By Harry Grigorian '19
Which came first, the chicken or the egg? Dogs or cats—which are better? What colors were that dress, blue and black or white and gold? Is there a God? Should high school freshmen take physics or biology? While these existential questions all prompt fruitful debate, Nolan asked me to write about the last one, so that I will.
I guess I’ll be frank. Biology is better for freshmen for a variety of reasons.
First, biology is studying the very basics of human life itself (among other topics). We learn how our bodies work in every aspect, from breathing to our endocrine system. We learn why we need to eat fiber to survive, and how sickle cell and other diseases can affect us. These are all topics pertinent to us. While understanding why a ball dropping goes at a certain speed or how electricity works is certainly interesting, we are not yet academically sophisticated enough as 14 and 15 year olds to learn about the topics in physics that might pertain to our very bodily existence. As we continue to be more curious about our bodies and the life systems around us as we enter high school, a freshman survey course in biology is perfect to quench that academic thirst.
My other point, which I alluded to earlier, is that freshmen are not yet advanced enough in math for a full-year physics course to be worthwhile. Most freshmen have only gotten through Algebra 1 before freshman year, and this seriously hinders a freshman's ability to delve into more challenging topics. In biology however, there is no prerequisite academic requirement for studying challenging topics, as learning advanced biology does not necessitate proficiency in another course. Therefore, why not wait until Junior or Senior year, when students are likely in Precalculus or higher, to take a more advanced level of physics? Quite simply, it allows students to take an unrestricted biology course freshman year and a more advanced physics course as an upperclassman.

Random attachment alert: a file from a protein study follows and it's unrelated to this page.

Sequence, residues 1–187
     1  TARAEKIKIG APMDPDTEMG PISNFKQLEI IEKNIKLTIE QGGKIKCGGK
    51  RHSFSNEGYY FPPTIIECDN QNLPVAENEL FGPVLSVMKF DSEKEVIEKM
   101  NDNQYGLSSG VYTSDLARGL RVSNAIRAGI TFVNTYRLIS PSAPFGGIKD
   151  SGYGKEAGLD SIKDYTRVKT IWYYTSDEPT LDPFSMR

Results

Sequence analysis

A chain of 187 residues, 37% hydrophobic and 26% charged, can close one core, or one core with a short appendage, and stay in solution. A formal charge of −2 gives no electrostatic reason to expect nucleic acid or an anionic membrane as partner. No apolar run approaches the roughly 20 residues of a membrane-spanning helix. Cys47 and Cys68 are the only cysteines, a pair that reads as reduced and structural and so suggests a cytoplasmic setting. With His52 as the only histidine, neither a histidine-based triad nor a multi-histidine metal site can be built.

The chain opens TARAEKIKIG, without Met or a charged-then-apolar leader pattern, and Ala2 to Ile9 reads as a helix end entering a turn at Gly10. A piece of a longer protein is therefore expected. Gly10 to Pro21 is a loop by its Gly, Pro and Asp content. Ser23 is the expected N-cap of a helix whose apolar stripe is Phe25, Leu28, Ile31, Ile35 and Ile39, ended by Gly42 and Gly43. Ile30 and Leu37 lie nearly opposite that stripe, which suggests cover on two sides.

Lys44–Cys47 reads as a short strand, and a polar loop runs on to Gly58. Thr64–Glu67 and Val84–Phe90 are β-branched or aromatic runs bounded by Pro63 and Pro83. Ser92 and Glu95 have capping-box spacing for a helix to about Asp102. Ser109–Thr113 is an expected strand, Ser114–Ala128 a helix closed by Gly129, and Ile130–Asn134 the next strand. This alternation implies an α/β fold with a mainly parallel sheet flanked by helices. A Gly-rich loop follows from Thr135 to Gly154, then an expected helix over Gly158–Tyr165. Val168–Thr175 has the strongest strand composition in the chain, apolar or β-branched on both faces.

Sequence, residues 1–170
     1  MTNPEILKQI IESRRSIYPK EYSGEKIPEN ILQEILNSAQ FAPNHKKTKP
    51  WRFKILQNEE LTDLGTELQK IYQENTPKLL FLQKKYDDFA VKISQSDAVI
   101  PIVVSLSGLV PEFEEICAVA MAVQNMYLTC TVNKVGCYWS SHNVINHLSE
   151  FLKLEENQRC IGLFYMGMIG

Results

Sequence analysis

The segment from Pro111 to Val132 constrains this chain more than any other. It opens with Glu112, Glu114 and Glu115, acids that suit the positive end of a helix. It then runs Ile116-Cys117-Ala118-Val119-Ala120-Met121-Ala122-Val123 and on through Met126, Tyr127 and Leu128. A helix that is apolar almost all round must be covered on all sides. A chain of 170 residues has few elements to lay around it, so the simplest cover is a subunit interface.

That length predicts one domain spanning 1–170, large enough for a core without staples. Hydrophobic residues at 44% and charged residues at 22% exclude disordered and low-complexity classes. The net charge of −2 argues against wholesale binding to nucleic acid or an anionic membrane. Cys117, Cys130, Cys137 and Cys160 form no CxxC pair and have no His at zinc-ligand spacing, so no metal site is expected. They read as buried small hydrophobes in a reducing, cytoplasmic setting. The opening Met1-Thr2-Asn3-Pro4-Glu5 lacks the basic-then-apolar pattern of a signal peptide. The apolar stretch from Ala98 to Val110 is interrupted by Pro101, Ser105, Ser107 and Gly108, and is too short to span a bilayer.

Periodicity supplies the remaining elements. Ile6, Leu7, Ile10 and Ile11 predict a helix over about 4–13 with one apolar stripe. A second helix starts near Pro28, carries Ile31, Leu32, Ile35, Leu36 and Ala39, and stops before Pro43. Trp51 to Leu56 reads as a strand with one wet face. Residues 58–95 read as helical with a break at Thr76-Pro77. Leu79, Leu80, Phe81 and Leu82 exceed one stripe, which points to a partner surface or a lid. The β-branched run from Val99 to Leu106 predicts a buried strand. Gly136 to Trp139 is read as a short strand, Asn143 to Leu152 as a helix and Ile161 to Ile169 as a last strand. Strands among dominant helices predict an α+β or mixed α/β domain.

And so to answer some of my previous questions: the chicken. Dogs. Black and blue. I think so. Biology.